So the summer is over, though with the current heatwave you wouldn't think it in Britain this week; the only mellow fruitfulness to speak of round here involved the spotty bananas I mashed up with Ideal milk the other day. Eight weeks on the road left me little time for blogging, unfortunately, though I did at least manage to report on the perfume highlights of the last few months.
However, it's been a while since my last "pure" travel post, so while my memories are fairly fresh, I will pick up where I left off at the end of July.
The second trip got off to an eerily smooth start - the surprise discovery of the Chanel Les Exclusifs range at Birmingham airort was just the start of it. On the plane there was no one else in my row, the flight arrived early, there were none of the usual queues at passport control in Stuttgart, and my bag was first off the plane. My hire car had air conditioning, and being diesel, was incredibly economical on fuel. Yes, it was a Skoda, but the build quality of Skodas has improved immeasurably since the mid-90s, when the company's mission statement used to be: "Step by step into the second century" (click on the fax below - lovingly preserved since my meeting at the Czech plant in 1996 - to enlarge the logo!).
What else? My first hotel allowed me to extend my check out till 1pm, provided two plump pillows!, a switch to activate the extractor fan - or not - in the bathroom!, and a choice of shady spots for my car - a life saver in the 35 C heat prevailing at the time. And the very first person I interviewed turned out to be a huge fan of our client, especially the lady in customer service, whom he described - most tantalisingly - as "so much more than a friend".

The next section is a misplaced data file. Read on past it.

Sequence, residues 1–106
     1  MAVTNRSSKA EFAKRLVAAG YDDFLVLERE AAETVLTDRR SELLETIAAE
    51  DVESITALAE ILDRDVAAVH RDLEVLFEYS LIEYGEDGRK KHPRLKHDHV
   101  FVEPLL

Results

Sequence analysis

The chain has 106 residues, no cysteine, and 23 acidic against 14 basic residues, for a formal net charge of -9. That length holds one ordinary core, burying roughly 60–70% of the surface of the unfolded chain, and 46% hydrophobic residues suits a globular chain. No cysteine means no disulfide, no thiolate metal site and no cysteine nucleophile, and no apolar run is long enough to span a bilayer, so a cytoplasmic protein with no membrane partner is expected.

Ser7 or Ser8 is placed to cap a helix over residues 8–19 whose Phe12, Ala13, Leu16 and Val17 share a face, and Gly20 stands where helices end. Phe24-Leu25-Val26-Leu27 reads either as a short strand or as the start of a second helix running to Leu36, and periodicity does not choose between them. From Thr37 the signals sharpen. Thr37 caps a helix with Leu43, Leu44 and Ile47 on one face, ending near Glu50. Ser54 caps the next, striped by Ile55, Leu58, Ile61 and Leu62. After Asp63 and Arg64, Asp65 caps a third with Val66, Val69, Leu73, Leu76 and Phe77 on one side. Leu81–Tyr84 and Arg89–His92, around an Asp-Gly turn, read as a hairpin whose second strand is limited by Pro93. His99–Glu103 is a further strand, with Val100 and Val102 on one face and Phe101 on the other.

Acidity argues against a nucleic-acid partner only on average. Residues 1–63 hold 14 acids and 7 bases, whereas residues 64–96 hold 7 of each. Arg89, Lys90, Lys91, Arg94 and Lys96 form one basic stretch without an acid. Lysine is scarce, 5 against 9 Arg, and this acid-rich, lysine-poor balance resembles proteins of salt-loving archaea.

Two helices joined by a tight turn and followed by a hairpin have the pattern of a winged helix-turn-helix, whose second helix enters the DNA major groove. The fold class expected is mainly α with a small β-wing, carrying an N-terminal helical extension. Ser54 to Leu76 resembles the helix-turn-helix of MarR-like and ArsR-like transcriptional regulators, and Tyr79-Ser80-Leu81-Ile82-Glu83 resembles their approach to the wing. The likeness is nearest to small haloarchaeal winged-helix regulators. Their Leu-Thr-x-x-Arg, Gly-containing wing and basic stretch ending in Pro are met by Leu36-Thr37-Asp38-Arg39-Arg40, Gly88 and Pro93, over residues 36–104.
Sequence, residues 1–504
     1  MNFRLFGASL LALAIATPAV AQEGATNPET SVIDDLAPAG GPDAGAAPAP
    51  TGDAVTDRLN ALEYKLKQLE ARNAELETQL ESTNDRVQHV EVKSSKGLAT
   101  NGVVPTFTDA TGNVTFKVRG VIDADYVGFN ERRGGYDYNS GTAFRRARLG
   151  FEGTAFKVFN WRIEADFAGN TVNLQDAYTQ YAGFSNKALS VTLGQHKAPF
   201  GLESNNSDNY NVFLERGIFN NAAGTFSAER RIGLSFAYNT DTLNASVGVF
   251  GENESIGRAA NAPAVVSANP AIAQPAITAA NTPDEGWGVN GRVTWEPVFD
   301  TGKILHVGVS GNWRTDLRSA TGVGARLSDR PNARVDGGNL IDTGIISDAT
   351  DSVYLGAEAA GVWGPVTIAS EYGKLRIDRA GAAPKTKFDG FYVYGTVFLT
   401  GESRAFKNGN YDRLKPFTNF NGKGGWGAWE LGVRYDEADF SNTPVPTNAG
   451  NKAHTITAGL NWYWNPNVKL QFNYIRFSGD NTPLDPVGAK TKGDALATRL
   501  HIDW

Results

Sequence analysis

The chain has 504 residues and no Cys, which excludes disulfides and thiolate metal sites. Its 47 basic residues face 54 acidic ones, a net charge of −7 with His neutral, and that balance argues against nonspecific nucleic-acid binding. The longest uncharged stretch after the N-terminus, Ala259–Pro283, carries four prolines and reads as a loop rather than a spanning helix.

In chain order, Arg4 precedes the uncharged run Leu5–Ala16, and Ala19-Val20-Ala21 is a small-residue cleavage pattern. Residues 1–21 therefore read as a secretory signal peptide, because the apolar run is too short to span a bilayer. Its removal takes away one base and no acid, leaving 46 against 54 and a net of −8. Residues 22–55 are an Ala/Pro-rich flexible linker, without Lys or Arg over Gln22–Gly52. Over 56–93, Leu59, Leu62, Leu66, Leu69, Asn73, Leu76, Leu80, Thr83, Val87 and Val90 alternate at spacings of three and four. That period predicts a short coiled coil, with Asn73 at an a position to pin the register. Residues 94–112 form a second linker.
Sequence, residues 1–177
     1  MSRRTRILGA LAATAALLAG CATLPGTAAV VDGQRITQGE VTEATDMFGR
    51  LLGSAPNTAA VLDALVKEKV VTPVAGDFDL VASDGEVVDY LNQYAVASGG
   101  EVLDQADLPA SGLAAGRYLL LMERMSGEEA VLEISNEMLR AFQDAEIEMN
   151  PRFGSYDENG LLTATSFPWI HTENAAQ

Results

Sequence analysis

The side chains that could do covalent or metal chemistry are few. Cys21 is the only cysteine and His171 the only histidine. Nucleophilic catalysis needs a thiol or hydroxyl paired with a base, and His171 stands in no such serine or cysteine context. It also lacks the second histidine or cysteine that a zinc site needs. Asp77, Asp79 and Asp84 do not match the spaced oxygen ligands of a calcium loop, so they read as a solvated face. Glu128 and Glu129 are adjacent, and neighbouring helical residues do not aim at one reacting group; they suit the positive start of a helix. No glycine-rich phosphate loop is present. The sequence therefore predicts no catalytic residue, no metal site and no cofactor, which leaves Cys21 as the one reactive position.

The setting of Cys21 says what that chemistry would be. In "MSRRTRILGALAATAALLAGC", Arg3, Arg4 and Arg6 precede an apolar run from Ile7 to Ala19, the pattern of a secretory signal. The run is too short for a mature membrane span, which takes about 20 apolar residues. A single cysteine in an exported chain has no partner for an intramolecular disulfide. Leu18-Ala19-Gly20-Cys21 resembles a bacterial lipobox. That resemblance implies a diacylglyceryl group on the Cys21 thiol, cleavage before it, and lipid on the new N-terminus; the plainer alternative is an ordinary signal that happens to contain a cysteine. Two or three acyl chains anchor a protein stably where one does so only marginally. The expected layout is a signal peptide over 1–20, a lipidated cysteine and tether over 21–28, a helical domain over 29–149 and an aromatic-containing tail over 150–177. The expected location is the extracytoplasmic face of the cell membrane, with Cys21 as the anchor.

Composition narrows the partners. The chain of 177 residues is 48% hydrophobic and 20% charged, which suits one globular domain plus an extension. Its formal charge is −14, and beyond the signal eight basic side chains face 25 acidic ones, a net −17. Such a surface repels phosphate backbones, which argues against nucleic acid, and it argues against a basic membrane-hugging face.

And then there was my "corridor vignette coup", whereby I managed to slip in and out of Switzerland for only two euros, instead of the usual 30 or so (40 CHF). I may have slightly fudged my itinerary to qualify, nipping out of the prescribed corridor between Germany and Switzerland into the adjacent reception rooms of Austria and Slovenia, but I figured I could play my "hapless tourist" card if I was rumbled. It worked for me a treat that time I rode a tram in Frankfurt without a ticket.
And the other triumph in Switzerland was to buy a wrap in McDonalds for under £10, which, despite the predictably high ratio of wrap, really did look as though it might have contained chicken somewhere deep within its floury folds. And whatever it was, you had to love the free Coca-Cola glass that came with it!
So there were a lot of things that went well. And to be honest, apart from failing to clock that Hungary had its own currency, my ineffectual mime of "smoked paprika" in a Hungarian branch of Tesco, and one or two hairy escapades involving Slovenian post offices and a communal laundry in Austria (which may warrant a separate post), most of the trips were free of incident. Of incident perhaps, but not oddities. So here is a round up of some of the things that particularly struck me on the last three trips.
Much of Austria is underground